5. The memory device of claim 3 wherein the chalcogenide alloy material is selected from the group consisting of: GaSb, InSb, InSe, Sb2Te3, GeTe, Ge2Sb2Te5, InSbTe, GaSeTe, SnSb2Te4, InSbGe, AgInSbTe, (GeSn)SbTe, GeSb(SeTe), and Te81Ge15Sb2S2.
6. The memory device of claim 1 wherein the block of data comprises system data to be used during system initialization and further wherein the block of data is stored in a pre-selected location within the memory array for all initialization sequences.
7. A method comprising: receiving data to be stored in a bit-alterable, non-volatile memory configured as a plurality of blocks of memory locations; and causing the data to be stored as at least one data fragment that spans a boundary between a first block of memory locations and a second block of memory locations.
8. The method of claim 7 further comprising causing a header having an indication of a memory location corresponding to the data fragment to be stored within the first block of memory locations.
9. The method device of claim 7 wherein the bit-alterable, nonvolatile memory includes cells including a thin film chalcogenide alloy material.
10. The method device of claim 9 wherein the chalcogenide alloy material comprises GeSbTe.
11. The method device of claim 9 wherein the chalcogenide alloy material is selected from the group consisting of: GaSb, InSb, InSe, Sb2Te3, GeTe, Ge2Sb2Te5, InSbTe, GaSeTe, SnSb2Te4, InSbGe, AgInSbTe, (GeSn)SbTe, GeSb(SeTe), and Te81Ge15Sb2S2.
12. An article comprising a computer-readable medium having stored thereon instructions that, when executed, cause one or more processors to: receive data to be stored in a bit-alterable, non-volatile memory configured as a plurality of blocks of memory locations; and cause the data to be stored as at least one data fragment that spans a boundary between a first block of memory locations and a second block of memory locations.
13. The article of claim 12 further comprising instructions that, when executed, cause the one or more processors to cause a header having an indication of a memory location corresponding to the data fragment to be stored within the first block of memory locations.
14. The article device of claim 12 wherein the bit-alterable, nonvolatile memory includes cells including a thin film chalcogenide alloy material.
15. The article device of claim 14 wherein the chalcogenide alloy material comprises GeSbTe.
16. The article device of claim 14 wherein the chalcogenide alloy material is selected from the group consisting of: GaSb, InSb, InSe, Sb2Te3, GeTe5 Ge2Sb2Te5, InSbTe, GaSeTe, SnSb2Te4, InSbGe, AgInSbTe, (GeSn)SbTe, GeSb(SeTe), and Te81Ge15Sb2S2.
17. A method comprising accessing system data during initialization of an electronic system by retrieving data from a pre-selected location in a bit- alterable, non-volatile memory without scanning multiple memory locations to locate the system data.
18. The method device of claim 17 wherein the bit-alterable, nonvolatile memory includes cells including a thin film chalcogenide alloy material.
19. The method device of claim 18 wherein the chalcogenide alloy material comprises GeSbTe.
20. The method device of claim 18 wherein the chalcogenide alloy material is selected from the group consisting of: GaSb, InSb. InSe, Sb2Te3, GeTe, Ge2Sb2Te5, InSbTe, GaSeTe, SnSb2Te4, InSbGe, AgInSbTe, (GeSn)SbTe, GeSb(SeTe), and Te81Ge15Sb2S2.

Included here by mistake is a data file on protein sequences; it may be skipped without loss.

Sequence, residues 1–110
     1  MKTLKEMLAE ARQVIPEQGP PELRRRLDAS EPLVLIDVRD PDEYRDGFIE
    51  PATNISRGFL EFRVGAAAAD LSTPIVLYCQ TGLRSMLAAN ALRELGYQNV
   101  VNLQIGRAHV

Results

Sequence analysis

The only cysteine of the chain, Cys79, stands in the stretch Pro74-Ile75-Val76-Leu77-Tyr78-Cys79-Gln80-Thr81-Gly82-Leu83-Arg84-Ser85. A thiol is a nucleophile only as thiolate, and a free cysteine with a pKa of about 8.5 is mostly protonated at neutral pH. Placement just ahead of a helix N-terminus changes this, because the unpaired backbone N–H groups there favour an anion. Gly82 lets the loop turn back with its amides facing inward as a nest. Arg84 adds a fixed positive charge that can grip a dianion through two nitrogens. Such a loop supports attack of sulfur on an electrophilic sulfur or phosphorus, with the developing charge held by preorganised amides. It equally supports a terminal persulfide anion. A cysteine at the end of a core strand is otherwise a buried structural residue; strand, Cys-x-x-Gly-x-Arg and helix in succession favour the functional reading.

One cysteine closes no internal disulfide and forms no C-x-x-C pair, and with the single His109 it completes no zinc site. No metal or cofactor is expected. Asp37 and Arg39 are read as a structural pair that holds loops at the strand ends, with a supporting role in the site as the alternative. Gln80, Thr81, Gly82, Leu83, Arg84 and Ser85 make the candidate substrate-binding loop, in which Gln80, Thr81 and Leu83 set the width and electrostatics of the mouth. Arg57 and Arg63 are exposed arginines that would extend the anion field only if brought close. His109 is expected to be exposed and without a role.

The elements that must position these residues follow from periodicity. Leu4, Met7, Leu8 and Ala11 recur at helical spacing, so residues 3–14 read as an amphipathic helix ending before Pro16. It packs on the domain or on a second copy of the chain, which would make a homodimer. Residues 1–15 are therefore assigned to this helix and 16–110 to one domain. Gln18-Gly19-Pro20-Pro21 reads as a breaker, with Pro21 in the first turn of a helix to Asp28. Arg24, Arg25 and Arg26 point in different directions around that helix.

21. An article comprising a computer-readable medium having stored thereon instructions that, when executed, cause one or more processors to access system data during initialization of an electronic system by retrieving data from a pre-selected location in a bit-alterable, non-volatile memory without scanning multiple memory locations to locate the system data.
22. The article device of claim 21 wherein the bit-alterable, nonvolatile memory includes cells including a thin film chalcogenide alloy material.
23. The article device of claim 22 wherein the chalcogenide alloy material comprises GeSbTe.
24. The article device of claim 22 wherein the chalcogenide alloy material is selected from the group consisting of: GaSb, InSb, InSe, Sb2Te3, GeTe, Ge2Sb2Te5, InSbTe, GaSeTe, SnSb2Te4, InSbGe, AgInSbTe, (GeSn)SbTe, GeSb(SeTe), and Te81Ge15Sb2S2.
25. A system comprising: an antenna; a memory system coupled with the antenna, the memory system having an array of memory locations implemented as bit-alterable, non- volatile memory configured as a plurality of blocks of memory locations and control circuitry coupled with the array of memory locations to cause a block of data to be stored in the array of memory spanning a boundary between a first block of memory locations and a second block of memory locations.
26. The system of claim 25 wherein the control circuitry causes a header having an indication of a memory location corresponding to the block of data to be stored within the first block of memory locations.
27. The system of claim 25 wherein the bit-alterable, non- volatile memory includes cells including a thin film chalcogenide alloy material.
28. The system of claim 27 wherein the chalcogenide alloy material comprises GeSbTe.
29. The system of claim 27 wherein the chalcogenide alloy material is selected from the group consisting of: GaSb, InSb, InSe, Sb2Te3, GeTe, Ge2Sb2Te5, InSbTe, GaSeTe, SnSb2Te4, InSbGe, AgInSbTe, (GeSn)SbTe, GeSb(SeTe), and Te81Ge15Sb2S2.
PCT/CN2005/002385 2005-12-30 2005-12-30 Bit-alterable non-volatile memory management WO2007076623A1 (en)

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CN 200580052161 CN101317162B (en) 2005-12-30 2005-12-30 Management of non-volatile memory capable of altering according to bit
US10/581,754 US20080285332A1 (en) 2005-12-30 2005-12-30 Bit-Alterable, Non-Volatile Memory Management
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CN101317162B (en) 2012-01-18
US20080285332A1 (en) 2008-11-20